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  • Sep 20, 2014
  • Updated: 6:29pm
NewsHong Kong

Young people flood subsidised housing projects

Two subsidised housing schemes are inundated with applications from the young and single - taking local real estate experts by surprise

PUBLISHED : Saturday, 19 January, 2013, 12:00am
UPDATED : Saturday, 19 January, 2013, 3:31am

Young people have emerged as the keenest home hunters, with almost two-thirds of applications for two government-subsidised housing schemes being made by the young and single.

Applications closed yesterday for the Greenview Villa project by the Housing Society and the revised home ownership scheme by the Housing Authority.

Greenview Villa attracted almost 45,000 applicants for its 988 flats, while the HOS drew 30,200 applications for its 5,000 units.

Roughly 10 per cent of flats in both projects will be sold to single applicants, under the government's plan. The Housing Authority said 63 per cent of forms had come from single applicants, while the Housing Society reported it at 65 per cent. The unexpected youth demand has sparked concerns about government housing policy.

Wong Kwun, a member of the government's long-term housing strategy steering committee, said: "It shows the housing need of young people is big. The government should devise a suitable policy to cater for them."

But Dr Chung Kim-wah, an assistant professor of Polytechnic University's department of applied social sciences, warned against change, saying: "It might encourage young people living with their parents to use a public subsidy to buy flats."

The government has viewed the housing needs of single or young people, mostly living with their parents, as a lower priority.

Housing Society chairman Marco Wu Moon-hoi said the trend of young applicants had not gone unnoticed. "We shall do further analysis and report to the government, as this may have some implications on the public housing resources," Wu said.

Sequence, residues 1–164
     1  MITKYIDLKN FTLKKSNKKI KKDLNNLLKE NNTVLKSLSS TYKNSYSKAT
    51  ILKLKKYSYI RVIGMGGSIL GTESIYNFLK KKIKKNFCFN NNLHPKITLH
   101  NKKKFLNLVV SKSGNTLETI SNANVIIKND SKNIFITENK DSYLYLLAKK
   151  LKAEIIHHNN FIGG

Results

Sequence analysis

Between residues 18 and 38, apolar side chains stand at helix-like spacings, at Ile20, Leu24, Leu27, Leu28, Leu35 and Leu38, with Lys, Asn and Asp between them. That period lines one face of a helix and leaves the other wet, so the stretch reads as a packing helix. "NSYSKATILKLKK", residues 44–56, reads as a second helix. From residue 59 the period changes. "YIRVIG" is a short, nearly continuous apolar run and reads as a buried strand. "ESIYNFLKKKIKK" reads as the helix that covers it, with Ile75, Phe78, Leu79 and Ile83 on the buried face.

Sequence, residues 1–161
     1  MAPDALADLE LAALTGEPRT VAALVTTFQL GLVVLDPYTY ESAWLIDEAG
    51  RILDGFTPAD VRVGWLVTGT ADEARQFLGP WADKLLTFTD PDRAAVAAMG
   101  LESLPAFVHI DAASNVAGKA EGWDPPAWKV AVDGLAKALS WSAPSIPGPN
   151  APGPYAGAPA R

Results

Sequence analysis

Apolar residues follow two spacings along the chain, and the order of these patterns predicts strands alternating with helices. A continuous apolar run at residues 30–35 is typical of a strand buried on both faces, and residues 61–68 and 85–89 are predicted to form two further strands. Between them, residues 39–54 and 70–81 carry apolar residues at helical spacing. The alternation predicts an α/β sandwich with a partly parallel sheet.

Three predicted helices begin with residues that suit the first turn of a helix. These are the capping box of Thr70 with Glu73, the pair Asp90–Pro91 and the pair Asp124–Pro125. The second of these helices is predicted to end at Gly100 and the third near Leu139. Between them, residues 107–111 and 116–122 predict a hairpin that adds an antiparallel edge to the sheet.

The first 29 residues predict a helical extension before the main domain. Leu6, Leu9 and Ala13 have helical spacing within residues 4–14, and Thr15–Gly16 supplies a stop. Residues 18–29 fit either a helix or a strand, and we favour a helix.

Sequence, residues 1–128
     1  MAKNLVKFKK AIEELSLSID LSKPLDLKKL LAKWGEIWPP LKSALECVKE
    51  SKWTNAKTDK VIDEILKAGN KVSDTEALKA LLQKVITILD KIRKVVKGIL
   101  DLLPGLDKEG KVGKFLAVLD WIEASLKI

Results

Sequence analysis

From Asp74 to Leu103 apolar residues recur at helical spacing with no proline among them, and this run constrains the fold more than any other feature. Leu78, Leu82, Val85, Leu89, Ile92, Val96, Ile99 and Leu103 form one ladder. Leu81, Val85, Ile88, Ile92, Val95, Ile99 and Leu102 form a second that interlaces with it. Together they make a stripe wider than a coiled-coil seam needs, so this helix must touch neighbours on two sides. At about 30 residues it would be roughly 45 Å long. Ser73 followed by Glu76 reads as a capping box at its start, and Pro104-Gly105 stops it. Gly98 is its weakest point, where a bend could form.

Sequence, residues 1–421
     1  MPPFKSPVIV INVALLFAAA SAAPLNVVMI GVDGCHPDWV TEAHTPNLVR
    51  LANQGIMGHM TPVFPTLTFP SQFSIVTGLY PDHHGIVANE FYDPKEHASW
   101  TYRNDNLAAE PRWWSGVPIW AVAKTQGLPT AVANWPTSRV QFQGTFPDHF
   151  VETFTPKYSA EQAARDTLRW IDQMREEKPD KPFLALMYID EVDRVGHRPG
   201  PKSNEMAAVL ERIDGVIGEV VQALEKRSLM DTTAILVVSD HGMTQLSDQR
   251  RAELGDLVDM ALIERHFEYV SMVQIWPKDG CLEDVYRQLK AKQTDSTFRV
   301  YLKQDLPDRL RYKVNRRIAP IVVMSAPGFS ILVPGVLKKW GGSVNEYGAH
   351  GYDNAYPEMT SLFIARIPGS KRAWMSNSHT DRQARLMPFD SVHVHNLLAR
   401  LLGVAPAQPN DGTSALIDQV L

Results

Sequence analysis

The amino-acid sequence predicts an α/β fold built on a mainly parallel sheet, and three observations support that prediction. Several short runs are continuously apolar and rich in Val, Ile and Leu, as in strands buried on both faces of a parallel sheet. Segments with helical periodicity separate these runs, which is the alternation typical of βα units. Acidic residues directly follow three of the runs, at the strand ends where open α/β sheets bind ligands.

A university student, who applied to the HOS yesterday, said: "I know the chance is slim. It will be like winning the Mark Six. It is impossible for me to afford private units. Subsidised housing is my only hope."

Professor Eddie Hui Chi-man, of Polytechnic University's department of building and real estate, said: "This shows many people cannot afford private flats and so have to flock to buy discounted units, despite some resale restrictions."

The two schemes are open to households with a monthly income not exceeding HK$40,000 a month. Ballots will be held to draw successful applicants. The results for Greenview Villa will be announced next month.


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In most other developed countries, young people with a starting income is able to afford a household around the age of 30. This is purchased through their own means.
So in essence, people cannot afford housing through their own means, and rely on their parents, which are probably viewing as an investment vehicle.
Thus the price of flats is outside the income capability of young professionals. And if this is to be the future of our workforce, it is quite disturbing. Generations of the same family will either be in debt or dependent on each other.
This is wealthy people playing tricks. The single people applying for the flats will be the kids of parents who earn to much to be eligible. The parents will pay the price of the flat and view it a giving their kids a place to live that is cheap (starter home). Those kids must apply now as 2-3 years later they will earn too much to be eligible. Disgusting practice and the government must be aware that this is occurring in public and subsidized flats. Why are taxpayers subsidizing flats of young people even before they have started a career. In no other country does the government do this. With such a housing shortage of housing for people with children the government should just strike off all the young single people from the waiting lists. Then people who really need to get the apartments will. Not parents starting an investment fund for their kids.


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